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Meet Jaquan Fields, a Philly performer with dreams of starting a circus as diverse as his city

Fields, aka Quany the Clown, is seeking funding to launch the circus, with no luck so far. Listen to his story in this installment of's Thriving audio series.

Jaquan Fields, aka Quany the Clown. (Photo by Dominique Nichole)

This report is part of Thriving, a yearlong storytelling initiative from focused on the lived experiences of Philadelphia and comparative city residents. The goal is to generate insights about the economic opportunities and obstacles along their journeys to financial security. Here's who we're focusing on and why.

While some young people dream of running away to join the circus, Jaquan Fields dreams of staying at home to start his own.

“Our goal is to bring the joy, magic of the circus into your living room,” Fields said recently. He has his own business, Quany World, and performs as Quany the Clown at birthday and block parties.

He’s been trying to get funding to start a new Philadelphia-based circus that mirrors the diversity of the city — something sort of similar to UniverSoul Circus.

“Let’s show them that we’re unified, but also don’t want to be judged as the brown people or the Black Circus, which UniverSoul Circus had the title and yeah, it’s owned by a Black man,” he said. “But it’s a melting pot of different cultures.”

Fields is one of about 80,000 Black men under the age of 25 who live in Philadelphia. Roughly three-quarters of his peers live in poverty — a total similar to other big cities, but worse than economic powerhouses like Boston, Seattle and DC. Those men all have dreams of their own, and their ability to realize their dreams will shape Philadelphia’s future.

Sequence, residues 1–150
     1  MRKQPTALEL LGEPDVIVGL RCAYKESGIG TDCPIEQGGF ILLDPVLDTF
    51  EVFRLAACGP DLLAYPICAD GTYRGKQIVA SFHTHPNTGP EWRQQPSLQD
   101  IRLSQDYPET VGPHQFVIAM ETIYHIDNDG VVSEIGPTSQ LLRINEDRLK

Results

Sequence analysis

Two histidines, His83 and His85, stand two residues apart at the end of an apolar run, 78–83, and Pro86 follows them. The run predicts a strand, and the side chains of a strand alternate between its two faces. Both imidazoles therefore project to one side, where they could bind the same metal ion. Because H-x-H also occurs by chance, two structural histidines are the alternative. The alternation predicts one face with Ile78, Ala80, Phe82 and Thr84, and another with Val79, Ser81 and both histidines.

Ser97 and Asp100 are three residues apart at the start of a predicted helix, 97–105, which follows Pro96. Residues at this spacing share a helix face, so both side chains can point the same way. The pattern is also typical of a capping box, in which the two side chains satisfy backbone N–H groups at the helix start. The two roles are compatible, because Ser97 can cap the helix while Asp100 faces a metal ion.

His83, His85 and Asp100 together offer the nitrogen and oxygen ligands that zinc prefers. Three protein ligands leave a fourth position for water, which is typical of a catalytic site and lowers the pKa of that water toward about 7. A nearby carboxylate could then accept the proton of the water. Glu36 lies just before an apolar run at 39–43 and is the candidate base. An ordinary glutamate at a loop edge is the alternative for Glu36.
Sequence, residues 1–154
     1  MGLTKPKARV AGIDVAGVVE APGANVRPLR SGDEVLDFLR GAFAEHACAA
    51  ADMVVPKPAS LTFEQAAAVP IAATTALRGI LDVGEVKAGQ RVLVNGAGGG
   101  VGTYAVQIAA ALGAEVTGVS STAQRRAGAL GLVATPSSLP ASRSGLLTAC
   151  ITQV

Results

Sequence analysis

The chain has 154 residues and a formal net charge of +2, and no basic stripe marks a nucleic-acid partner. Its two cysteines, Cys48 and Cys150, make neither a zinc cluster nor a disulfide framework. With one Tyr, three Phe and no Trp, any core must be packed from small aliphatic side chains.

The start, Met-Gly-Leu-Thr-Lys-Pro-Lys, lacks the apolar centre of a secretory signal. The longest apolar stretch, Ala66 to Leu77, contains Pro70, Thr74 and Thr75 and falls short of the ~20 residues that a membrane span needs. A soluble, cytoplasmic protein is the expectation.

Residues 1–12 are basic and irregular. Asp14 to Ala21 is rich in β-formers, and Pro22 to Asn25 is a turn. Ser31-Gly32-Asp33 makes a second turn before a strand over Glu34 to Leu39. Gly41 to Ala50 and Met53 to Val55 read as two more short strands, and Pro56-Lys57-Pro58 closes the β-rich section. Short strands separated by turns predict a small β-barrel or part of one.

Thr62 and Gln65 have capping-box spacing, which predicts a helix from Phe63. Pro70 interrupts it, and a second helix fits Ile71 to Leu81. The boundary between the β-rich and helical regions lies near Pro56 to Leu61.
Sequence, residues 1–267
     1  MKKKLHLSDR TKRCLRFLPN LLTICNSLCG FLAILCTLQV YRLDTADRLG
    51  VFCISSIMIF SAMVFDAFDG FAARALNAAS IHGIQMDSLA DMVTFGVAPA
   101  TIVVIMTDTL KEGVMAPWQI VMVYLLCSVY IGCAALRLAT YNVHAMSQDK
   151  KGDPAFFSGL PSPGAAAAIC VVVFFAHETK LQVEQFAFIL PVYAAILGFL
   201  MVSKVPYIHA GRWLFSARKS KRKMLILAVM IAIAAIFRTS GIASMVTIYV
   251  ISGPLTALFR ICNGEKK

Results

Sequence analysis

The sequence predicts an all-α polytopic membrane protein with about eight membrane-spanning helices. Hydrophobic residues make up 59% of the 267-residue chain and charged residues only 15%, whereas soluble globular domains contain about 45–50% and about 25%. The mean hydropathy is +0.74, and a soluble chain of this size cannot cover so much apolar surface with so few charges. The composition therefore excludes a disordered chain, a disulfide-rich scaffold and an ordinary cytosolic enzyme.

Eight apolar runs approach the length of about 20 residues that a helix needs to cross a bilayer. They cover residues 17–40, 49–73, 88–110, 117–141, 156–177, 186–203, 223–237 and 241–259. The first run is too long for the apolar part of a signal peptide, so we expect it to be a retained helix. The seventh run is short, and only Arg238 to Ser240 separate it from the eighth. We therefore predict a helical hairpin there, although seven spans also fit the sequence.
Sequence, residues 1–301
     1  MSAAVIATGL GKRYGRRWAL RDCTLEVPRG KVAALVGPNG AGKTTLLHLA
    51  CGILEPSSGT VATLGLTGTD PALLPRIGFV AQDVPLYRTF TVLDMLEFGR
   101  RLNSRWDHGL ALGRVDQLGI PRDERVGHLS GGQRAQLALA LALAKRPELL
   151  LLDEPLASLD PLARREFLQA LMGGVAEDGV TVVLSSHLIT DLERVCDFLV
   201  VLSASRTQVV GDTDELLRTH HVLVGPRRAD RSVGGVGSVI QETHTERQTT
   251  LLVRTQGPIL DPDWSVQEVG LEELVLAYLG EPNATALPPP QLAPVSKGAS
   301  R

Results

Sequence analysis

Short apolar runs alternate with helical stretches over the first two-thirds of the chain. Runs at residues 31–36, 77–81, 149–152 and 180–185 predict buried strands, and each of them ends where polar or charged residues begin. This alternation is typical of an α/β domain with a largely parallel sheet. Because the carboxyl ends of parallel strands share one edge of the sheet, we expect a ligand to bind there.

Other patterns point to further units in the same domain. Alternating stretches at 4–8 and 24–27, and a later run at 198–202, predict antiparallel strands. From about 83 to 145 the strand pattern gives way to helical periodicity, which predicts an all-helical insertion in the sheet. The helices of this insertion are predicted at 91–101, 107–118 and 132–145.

“Our goal is to bring the joy, magic of the circus into your living room.”Jaquan Fields

And all of their dreams depend on the resources they can access.

For Fields to start his circus, he’d have to apply for a new business license and a few different permits. He’d need to purchase special insurance. He’d have to buy the big red-and-white striped tent, equipment and costumes. He’d need to pay the performers and provide transportation for them. He’d also need to pay to promote the event.

Even after calling in favors, to fund just one circus event, Fields said he’s looking at least $35,000.

Fields tried to take advantage of grants during the COVID-19 pandemic, but he’s new to all this.

“It’s one of those things, when you’re in the world of entertainment or the arts, so many things are hard to find because most art grants are very specific,” he said. “Performance arts is harder to get grants than visual arts. Visual arts are accepted by everybody. But if you’re doing performing arts, you always have your niche. Your certain group that likes this certain crowd of performers is not usually a universal thing, to a degree.”

And Fields did not win the few grants he did find.

“The only grant we have found is, you better go book a show and you better be a good person and save your money,” he said.

These Thriving audio stories feature reporting by Nichole Currie and audio production by Rowhome Productions.

Series: Thriving

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